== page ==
Talk a little about Zoe – she is quite a complex character for a teenager, having made one mistake that she can’t leave behind – I was mostly interested in her relationship with her mother who tries to protect her but possibly in the wrong way. Can you talk a little about how you create the layers of relationships within the story?
I really love teenage characters because those years are such a challenging time in our lives. Older teenagers are often equipped with most of the skills you need in life, but remain powerless to a very large degree until they become adults, and that contradiction fascinates me. I decided to make Zoe a musical prodigy because that upped the stakes for her and for her mother even further. It gave her mother a way to try to rebuild their lives, which is why the book opens at a concert where Zoe is giving her ‘come-back’ performance, but it also allowed me also to explore ideas about how children, and particularly girls, can be put under tremendous pressure to succeed. I found it very rich material.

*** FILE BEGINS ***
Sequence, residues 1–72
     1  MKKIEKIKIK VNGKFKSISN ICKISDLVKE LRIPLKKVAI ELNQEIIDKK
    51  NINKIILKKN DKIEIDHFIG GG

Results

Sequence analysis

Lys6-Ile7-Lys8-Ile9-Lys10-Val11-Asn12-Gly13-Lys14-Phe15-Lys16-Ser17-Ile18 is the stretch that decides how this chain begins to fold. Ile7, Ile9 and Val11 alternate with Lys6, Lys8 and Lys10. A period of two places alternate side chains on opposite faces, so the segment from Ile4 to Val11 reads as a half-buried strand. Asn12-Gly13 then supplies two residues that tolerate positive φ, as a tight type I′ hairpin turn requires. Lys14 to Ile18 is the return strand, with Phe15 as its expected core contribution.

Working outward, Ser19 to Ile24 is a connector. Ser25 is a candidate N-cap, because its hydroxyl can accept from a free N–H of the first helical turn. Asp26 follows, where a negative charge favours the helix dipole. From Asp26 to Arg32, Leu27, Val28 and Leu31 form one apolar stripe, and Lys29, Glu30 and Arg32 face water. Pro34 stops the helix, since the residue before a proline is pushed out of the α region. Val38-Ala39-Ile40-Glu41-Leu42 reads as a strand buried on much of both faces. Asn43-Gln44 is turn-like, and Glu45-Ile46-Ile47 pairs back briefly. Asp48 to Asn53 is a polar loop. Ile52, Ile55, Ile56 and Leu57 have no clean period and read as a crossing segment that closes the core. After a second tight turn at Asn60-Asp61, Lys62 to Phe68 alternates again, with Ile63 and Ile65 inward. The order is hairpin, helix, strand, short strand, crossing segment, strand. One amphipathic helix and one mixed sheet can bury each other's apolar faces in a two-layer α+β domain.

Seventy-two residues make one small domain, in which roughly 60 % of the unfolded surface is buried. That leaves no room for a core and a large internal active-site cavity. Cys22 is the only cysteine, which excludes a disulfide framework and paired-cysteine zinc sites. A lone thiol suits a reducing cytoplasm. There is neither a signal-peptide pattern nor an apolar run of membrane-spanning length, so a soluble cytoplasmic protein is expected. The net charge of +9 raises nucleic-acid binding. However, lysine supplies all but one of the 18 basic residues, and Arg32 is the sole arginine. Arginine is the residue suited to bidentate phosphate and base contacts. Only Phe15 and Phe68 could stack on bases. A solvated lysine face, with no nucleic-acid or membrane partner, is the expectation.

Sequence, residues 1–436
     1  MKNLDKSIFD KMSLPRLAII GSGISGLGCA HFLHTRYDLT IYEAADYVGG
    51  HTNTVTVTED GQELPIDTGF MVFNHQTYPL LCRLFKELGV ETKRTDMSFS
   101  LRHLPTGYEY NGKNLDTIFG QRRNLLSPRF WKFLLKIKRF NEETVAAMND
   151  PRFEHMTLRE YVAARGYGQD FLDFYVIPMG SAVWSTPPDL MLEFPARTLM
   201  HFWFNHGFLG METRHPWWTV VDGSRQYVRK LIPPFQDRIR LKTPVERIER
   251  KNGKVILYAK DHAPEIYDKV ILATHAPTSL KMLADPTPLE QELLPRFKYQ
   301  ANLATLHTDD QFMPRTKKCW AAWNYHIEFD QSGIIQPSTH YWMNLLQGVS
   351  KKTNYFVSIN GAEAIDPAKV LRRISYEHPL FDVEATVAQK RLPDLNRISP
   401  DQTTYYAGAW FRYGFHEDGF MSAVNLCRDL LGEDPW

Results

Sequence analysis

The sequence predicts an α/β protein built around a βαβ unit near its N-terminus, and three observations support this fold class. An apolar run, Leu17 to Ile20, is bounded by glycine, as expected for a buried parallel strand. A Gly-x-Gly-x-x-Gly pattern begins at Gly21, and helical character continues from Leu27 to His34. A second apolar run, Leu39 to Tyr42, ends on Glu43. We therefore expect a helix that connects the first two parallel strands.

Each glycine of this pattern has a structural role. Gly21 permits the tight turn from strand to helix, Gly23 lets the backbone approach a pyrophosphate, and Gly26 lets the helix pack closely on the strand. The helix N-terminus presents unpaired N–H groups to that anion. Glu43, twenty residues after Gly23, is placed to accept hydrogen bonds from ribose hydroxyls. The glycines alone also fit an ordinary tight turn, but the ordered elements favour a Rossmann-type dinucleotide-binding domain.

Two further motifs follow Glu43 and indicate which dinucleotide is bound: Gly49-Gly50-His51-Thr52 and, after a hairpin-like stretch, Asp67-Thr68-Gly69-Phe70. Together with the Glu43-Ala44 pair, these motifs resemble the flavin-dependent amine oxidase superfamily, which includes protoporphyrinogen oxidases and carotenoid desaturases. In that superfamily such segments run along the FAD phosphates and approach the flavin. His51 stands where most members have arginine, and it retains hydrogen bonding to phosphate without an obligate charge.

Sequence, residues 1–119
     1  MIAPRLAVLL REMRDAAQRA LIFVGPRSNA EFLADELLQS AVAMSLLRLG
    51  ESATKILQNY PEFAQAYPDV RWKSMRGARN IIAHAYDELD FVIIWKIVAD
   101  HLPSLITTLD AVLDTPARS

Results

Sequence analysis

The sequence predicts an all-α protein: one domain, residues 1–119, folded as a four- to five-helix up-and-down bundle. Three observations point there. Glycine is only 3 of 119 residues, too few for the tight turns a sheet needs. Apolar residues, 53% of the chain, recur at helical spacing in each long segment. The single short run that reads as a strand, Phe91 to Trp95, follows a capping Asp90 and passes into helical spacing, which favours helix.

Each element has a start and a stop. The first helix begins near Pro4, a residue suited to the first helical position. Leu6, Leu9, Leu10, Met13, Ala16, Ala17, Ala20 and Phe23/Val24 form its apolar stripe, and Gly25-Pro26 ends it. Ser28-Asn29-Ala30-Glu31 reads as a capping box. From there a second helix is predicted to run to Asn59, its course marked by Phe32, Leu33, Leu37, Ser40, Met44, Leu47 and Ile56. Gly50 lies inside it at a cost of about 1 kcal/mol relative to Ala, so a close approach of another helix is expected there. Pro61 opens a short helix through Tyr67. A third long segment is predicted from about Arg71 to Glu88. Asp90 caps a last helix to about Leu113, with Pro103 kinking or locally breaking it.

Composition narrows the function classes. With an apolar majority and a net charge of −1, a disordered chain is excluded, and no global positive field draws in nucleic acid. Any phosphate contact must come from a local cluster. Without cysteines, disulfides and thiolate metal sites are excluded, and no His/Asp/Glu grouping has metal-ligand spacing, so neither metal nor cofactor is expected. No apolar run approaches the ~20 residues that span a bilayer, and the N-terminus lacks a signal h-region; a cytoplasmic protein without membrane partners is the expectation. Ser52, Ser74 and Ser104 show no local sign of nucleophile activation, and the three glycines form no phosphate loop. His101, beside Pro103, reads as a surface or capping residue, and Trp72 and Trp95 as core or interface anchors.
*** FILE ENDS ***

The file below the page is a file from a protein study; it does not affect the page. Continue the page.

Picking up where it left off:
One fantastic thing about writing in a teenage voice is that I was able to make Zoe’s style of narration a lot freer than that of the adults, because she is a teenager. I began with Zoe’s unfiltered voice, and developed the voices of the adult characters around that. Some of the narrators are very close to Zoe and her mother, while others are involved with the family in a more professional capacity and this gives the reader different levels of objectivity about what happens to Zoe, and also, I hope, makes them feel they’re at the heart of the story in more ways than one.
You use multiple viewpoints which in this case work extraordinarily well by showing all the issues from different angles. How do you keep it straight when constructing the story – in other words, tell us a little about your writing process when it comes to plot development overall.